Conventional wisdom suggests that strength training increases body mass index (BMI) in a positive way, but does it? BMI is an estimate of body fat determined by your height and weight. The index is determined by the formula BMI = kg/m2. This is an individual’s weight in kilograms divided by their height in meters squared. A BMI of more than 25.0 is considered overweight, while 18.5 to 24.9 for most adults considered healthy. There are many body mass index calculators located on the internet to check out where you theoretically stand.
It has long been argued that heavily muscled, weight-trained individuals are healthy despite their BMI classification. This is substantiated by the National Institutes of Health (NIH), which has indicated that BMI may overestimate body fat in athletes and others who have muscular builds and the values do not represent many of those who are fit.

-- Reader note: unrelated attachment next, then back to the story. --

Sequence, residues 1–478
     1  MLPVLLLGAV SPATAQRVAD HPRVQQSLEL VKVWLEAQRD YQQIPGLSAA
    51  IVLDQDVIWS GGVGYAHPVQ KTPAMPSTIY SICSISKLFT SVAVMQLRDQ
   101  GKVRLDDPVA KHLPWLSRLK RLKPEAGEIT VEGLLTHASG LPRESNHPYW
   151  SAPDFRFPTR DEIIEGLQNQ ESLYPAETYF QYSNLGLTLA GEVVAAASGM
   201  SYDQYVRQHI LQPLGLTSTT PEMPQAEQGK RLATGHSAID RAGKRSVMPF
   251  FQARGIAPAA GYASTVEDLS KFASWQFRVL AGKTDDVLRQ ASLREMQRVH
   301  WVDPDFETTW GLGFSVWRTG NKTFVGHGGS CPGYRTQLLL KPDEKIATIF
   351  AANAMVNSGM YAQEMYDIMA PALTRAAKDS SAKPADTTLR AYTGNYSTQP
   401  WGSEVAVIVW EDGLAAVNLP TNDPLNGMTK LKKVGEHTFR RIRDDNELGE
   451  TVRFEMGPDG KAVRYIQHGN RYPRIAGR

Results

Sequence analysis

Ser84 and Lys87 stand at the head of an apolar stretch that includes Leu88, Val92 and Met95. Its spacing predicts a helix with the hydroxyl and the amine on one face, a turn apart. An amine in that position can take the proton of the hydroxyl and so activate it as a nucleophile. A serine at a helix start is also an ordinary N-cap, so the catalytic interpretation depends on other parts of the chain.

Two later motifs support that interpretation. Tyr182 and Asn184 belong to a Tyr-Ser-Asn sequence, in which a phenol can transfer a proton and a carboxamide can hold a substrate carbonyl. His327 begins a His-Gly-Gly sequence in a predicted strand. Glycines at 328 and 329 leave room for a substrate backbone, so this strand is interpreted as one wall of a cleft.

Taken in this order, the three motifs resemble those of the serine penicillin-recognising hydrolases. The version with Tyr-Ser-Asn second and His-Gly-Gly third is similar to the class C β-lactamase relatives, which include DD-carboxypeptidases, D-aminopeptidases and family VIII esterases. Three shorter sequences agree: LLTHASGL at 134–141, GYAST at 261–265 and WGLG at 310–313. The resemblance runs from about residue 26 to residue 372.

What has to be considered other than body fat in the heavily muscular population is peripheral resistance. Peripheral resistance is a function of the internal vessel diameter, vessel length and blood viscosity.
Having a large body and an undeveloped neck changes the force of the delivery system’s blood flow to the head. Normal circulation is important. Strength training increases blood flow and vascular conductance, an important reason to make sure neck training is inclusive in any strength training program.
So, if your BMI is high, yet you are heavily muscled and fit, make sure neck training is part of your training regime. All parts of the anatomy are important and inclusive in exercise. Train the entire system Get the neck Strong.
Neck Flexion on the Pendulum 5-Way Neck